S.E.S. Fraternal Benefit Society

Sociedade do Espírito Santo was founded in Santa Clara on December 16, 1895.

Years:  1895 — 2010

The Portuguese people have long had a part in the history of California and the City and County of Santa Clara.  At one time they constituted 70 percent of the City of Santa Clara’s population and have always played an important part in the life of the community.

After the 1849 Gold Rush, it was mainly in places like Newark, San Leandro, San José, and Santa Clara that the Portuguese settled into a life of farming and dairying. These early Portuguese settlers, preserving an interest in the land of their birth, started many fraternal societies.  One of these, the “Sociedade do Espírito Santo” (S.E.S.) was founded in Santa Clara on December 16, 1895.  The original organizers not only wanted to preserve their heritage, but wanted to be able to provide aid for their countrymen in case of serious illness or death, and to that end, on January 18, 1896, registered in the Hall of Records in Sacramento as the “Sociedade do Espírito Santo Beneficiente de Santa Clara”.  By the end of December 1896, according to the records of the Supreme Council, they had recruited 77 candidates.  By 1999, the S.E.S. had 15,964 members.

The S.E.S. merged with the I.D.E.S., the U.P.E.C., and the U.P.P.E.C. on January 1, 2010 to create the entity Portuguese Fraternal Society of America (P.F.S.A.).

The growth of the early society was very slow. On January 29, 1899, Council No. 2, “Flor Açoriana”, was inaugurated in Milpitas, and on May 14, 1899, Council No. 3, San José, was inaugurated.  A newspaper report in the “Santa Clara News” dated June 2, 1903, gives a flavor of the early “festas” that the S.E.S. sponsored:

“Preparations are being made for the Espírito Santo Annual Festa which will commence on next Saturday at 7 o’clock when members of the various Portuguese Societies will march to the Espírito Santo Hall where the queen would place a crown on the altar of the chapel.  An outdoor concert by the Santa Clara Marine Band will follow, during which time fireworks will be displayed.  A dance will fill the remainder of the evening.  On Sunday, the societies will form at the hall and march to St. Claire’s Catholic Church where mass will be celebrated and Rev. Father Governor of Centerville will deliver the sermon.  After the service, the societies will again march to the hall where the queen will return the crown to the altar.  A free dinner will follow.”

The festa attracted several thousand participants, many coming from Monterey, Santa Cruz, Gilroy, Oakland, San Francisco, Centerville, Half Moon Bay and surrounding towns. An afternoon auction was held to defray the expenses of the celebration.  A report of the festa indicated that $1,200.25 was realized and that expenses were $900.25, leaving a balance of $300.00.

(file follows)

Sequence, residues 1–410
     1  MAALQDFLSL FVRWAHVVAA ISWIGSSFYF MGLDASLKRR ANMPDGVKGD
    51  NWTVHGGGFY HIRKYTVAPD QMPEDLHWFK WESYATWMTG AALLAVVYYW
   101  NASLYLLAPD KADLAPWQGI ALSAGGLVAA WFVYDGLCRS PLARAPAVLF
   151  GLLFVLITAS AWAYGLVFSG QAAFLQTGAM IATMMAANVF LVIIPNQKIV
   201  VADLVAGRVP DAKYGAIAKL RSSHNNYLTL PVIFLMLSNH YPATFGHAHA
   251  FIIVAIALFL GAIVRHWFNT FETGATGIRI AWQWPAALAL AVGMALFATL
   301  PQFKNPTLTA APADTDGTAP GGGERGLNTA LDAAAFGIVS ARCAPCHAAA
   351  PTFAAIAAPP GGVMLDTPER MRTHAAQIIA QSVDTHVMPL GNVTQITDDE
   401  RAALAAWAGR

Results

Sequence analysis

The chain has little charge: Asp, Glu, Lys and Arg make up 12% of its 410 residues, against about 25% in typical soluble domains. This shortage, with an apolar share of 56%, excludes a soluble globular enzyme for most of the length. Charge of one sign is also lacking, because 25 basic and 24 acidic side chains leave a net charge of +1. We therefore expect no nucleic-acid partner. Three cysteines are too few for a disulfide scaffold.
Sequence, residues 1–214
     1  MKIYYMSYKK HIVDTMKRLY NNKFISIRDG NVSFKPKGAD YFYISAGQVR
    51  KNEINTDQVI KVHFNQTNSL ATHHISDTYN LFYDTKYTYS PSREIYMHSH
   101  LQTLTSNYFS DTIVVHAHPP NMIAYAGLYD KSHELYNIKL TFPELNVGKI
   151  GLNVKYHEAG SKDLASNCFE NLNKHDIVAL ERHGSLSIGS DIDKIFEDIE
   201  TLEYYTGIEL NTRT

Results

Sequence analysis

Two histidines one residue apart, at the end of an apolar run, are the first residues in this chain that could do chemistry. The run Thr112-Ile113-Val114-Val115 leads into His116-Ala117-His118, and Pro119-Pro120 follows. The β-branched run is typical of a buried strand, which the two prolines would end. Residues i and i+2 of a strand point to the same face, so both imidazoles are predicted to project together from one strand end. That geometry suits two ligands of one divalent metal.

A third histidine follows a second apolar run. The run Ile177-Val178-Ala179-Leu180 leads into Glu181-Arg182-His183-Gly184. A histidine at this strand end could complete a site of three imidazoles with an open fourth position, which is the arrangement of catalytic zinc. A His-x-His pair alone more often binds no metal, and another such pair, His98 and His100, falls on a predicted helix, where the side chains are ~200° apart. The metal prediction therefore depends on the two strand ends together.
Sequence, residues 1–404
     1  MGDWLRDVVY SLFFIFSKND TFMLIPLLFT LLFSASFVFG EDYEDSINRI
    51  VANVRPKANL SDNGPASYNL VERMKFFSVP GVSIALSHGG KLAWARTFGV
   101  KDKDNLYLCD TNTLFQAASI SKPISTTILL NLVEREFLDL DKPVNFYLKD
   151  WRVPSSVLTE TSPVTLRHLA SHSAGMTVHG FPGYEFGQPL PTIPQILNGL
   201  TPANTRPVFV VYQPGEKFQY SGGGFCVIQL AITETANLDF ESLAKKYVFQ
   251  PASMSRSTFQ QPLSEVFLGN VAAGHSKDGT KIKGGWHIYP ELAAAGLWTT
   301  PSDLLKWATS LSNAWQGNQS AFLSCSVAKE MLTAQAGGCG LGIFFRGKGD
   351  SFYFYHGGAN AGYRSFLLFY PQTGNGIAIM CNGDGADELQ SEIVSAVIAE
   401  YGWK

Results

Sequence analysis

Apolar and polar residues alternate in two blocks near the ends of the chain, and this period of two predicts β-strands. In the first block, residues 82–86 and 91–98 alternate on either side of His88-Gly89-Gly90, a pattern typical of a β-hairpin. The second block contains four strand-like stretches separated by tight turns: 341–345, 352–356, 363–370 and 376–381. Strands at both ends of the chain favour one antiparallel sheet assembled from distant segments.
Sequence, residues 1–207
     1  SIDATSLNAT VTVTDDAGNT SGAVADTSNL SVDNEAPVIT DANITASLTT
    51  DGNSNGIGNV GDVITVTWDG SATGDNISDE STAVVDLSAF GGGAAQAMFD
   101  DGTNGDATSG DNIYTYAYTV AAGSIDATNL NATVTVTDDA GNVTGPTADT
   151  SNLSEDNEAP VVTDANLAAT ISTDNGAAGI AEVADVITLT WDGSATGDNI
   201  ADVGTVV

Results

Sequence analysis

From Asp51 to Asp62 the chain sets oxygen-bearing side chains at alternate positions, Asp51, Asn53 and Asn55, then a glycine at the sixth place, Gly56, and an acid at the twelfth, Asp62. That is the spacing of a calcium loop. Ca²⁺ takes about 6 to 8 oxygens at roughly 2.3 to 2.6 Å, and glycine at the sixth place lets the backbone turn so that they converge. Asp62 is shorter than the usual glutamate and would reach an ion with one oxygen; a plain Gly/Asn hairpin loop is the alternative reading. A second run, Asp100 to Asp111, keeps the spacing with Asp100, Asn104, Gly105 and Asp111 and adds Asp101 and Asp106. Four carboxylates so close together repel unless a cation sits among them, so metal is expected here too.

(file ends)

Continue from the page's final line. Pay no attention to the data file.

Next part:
In 1912, the S.E.S. split into two organizations, one group continued with the festa and celebrated it at the Lafayette and Lewis Street site.  This group became the S.E.S. Corporation.  The other group, using the money obtained from Mr. Manuel Machado Sousa, purchased land at Grant and Benton Streets in Santa Clara.  They also purchased the Santa Clara Grammar School building, which was remodeled into the Grant Street Hall.  They also built a “capela” (chapel) in honor of the Holy Ghost.  This group became the S.E.S. (Sociedade do Espírito Santo da Califórnia).  The Grant Street Hall remained until 1960, when it was torn down due to unsafe foundations.

In 1952, women were initiated into the S.E.S.  In 1967, Ms. Olivia T. Machado was the first woman to serve as Supreme President.

The junior movement started at the 1969 Monterey Convention and came to fruition in 1982.  The philosophy of the movement was to develop leaders for future generations.  The young people worked with the seniors in sponsoring activities to raise funds for various charitable agencies.  They were encouraged to be active in the S.E.S. and were motivated to move up in the leadership of the society.  Fully 40 percent of total memberships were junior members.

In 1969 at the Monterey Convention, the S.E.S. initiated the granting of scholarships to deserving students.  As of the year 2000, more than a quarter million dollars had been awarded to over 500 student recipients.

Family Day was another important group activity of the S.E.S., fostering a sense of solidarity and loyalty to the organization.  Begun in 1983 at the Stanislaus County Fairgrounds, this activity was held annually and drew as many as 1,000 participants.

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